Part 4: Tax consequences for non-resident beneficiaries of deceased estates

Our international tax series considers tax issues for non-resident beneficiaries of Australian trusts and Australian beneficiaries of non-resident trusts. The series considers the tax residency rules and income tax and capital gains tax (CGT) consequences for beneficiaries and trusts alike.

This is the fourth article of the series and focuses on taxation issues relating to non-resident beneficiaries of Australian deceased estates. The other articles of the international tax series can be accessed here.

All references are to the Income Tax Assessment Act 1997 or the Income Tax Assessment Act 1936 as relevant.

Deceased estates and trusts

A deceased estate is effectively a trust administered by the executor. Though the roles of a trustee and an executor are similar, an executor of a deceased estate has a different legal persona. However, for income tax purposes, section 6(1) defines the term “trustee” to include persons acting as executors or administrators of deceased estates.

This article will discuss the technical aspects of the taxation of non-resident beneficiaries of Australian deceased estates by way of an example.

Example

Mr A died in July 2019. His assets at the time of his passing were his main residence in Melbourne, an investment property in Melbourne, and shares in an Australian company. The Australian company does not own real property in Australia or other taxable Australian property.

Under Mr A’s will, his two adult children receive the residue of his estate in equal shares. One beneficiary is a non-resident of Australia for tax purposes and the other is a tax resident of Australia.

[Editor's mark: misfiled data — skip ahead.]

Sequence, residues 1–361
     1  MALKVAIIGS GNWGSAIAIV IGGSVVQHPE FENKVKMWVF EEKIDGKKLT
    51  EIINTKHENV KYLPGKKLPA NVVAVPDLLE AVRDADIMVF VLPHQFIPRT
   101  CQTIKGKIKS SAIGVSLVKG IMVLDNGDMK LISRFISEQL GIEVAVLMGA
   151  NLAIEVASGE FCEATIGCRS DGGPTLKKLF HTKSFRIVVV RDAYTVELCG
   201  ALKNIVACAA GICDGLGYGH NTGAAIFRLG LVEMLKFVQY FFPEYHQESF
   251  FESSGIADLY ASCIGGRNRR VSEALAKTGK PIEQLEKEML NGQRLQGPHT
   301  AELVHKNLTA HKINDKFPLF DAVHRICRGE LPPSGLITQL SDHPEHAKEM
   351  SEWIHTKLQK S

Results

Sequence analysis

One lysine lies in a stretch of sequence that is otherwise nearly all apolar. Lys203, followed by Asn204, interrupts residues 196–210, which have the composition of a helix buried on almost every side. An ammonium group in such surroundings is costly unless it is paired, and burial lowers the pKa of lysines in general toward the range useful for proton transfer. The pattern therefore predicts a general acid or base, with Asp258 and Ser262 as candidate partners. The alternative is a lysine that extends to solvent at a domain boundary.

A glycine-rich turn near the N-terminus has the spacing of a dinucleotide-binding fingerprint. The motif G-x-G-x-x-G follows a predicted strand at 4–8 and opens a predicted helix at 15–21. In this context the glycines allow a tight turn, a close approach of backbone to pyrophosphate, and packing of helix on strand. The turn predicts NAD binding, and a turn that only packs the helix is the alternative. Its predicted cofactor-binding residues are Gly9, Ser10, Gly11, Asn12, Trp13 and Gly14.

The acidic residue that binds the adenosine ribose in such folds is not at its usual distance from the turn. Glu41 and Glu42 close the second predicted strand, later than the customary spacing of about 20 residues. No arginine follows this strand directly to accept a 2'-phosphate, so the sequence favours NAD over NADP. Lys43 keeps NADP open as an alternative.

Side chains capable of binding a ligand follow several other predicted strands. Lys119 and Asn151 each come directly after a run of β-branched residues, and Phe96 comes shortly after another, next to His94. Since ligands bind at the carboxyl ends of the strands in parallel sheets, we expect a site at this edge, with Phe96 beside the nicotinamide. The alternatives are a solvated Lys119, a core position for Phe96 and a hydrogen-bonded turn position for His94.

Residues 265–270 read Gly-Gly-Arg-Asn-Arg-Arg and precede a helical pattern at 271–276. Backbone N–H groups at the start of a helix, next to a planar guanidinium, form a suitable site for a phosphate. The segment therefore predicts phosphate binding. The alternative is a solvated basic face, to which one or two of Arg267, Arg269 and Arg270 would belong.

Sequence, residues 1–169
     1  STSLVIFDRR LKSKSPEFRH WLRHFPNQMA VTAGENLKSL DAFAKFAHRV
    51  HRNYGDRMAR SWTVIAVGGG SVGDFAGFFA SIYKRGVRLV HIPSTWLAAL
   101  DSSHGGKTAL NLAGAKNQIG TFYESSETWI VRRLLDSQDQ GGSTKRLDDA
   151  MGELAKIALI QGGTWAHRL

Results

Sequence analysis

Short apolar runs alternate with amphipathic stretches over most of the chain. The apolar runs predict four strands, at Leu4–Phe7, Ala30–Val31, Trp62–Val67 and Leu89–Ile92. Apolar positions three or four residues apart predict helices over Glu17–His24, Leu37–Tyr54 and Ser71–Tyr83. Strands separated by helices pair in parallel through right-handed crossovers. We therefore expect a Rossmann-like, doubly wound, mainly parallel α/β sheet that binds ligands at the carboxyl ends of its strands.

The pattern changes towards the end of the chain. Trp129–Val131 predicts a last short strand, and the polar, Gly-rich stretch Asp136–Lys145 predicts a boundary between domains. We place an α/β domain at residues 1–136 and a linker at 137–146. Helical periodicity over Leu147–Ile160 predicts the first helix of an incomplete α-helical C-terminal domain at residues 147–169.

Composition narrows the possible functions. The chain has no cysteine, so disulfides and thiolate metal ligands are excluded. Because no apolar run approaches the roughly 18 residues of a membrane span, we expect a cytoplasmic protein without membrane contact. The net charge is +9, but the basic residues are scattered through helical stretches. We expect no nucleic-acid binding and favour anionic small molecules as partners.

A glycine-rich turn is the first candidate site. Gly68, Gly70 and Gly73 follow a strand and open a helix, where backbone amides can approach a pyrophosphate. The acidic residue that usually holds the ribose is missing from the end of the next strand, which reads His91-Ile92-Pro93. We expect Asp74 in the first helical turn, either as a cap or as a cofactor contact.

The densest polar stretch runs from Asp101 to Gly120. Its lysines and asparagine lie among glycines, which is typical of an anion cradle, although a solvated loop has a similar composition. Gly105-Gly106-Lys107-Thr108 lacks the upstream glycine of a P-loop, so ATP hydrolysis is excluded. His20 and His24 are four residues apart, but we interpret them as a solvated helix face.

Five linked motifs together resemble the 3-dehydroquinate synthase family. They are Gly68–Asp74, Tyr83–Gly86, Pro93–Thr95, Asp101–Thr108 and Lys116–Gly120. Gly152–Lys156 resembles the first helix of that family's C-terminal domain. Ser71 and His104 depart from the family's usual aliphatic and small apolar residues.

An executor, who is resident in Australia for tax purposes, will administer Mr A’s estate.

CGT event K3

Upon the death of a resident taxpayer, under section 128-10 any capital gain or loss from a CGT event relating to a CGT asset owned by the deceased is disregarded. However, there is an exception to this for foreign residents.

That exemption is CGT event K3.

CGT event K3 happens if a taxpayer dies and a CGT asset owned by the deceased just before dying passes to a beneficiary of the deceased’s estate who is a foreign resident of Australia for tax purposes.

If the asset passes to a beneficiary who is a foreign resident, CGT event K3 happens only if the deceased was an Australian resident for tax purposes just before dying and the asset is not taxable Australian property. Importantly, in our example, this means that CGT event K3 does not happen to Mr A’s main residence and the investment property and only to the interest in the shares in the Australian company received by the foreign beneficiary.

The capital gain or loss is calculated by determining the market value of the asset on the day the deceased died less the cost base of that asset.  

An asset “passes to a beneficiary” in an estate if the beneficiary becomes the owner of the asset under the will or under any other of the criteria in section 128-20. Importantly, a CGT asset does not pass to a beneficiary if the beneficiary becomes the owner of the asset because the legal personal representative (that is, the executor) transfers it under a power of sale.

Further, CGT event K3 does not happen when a non-resident acquires the asset under an application of survivorship in the relation to real property acquired under joint tenancy.

With respect to Mr A, the shares pass to the two beneficiaries under his will and Mr A will make a capital gain or loss equal to the difference between the market value of the Australian company shares just before his death and the cost base of his shares as this relates to the interest received by the foreign beneficiary.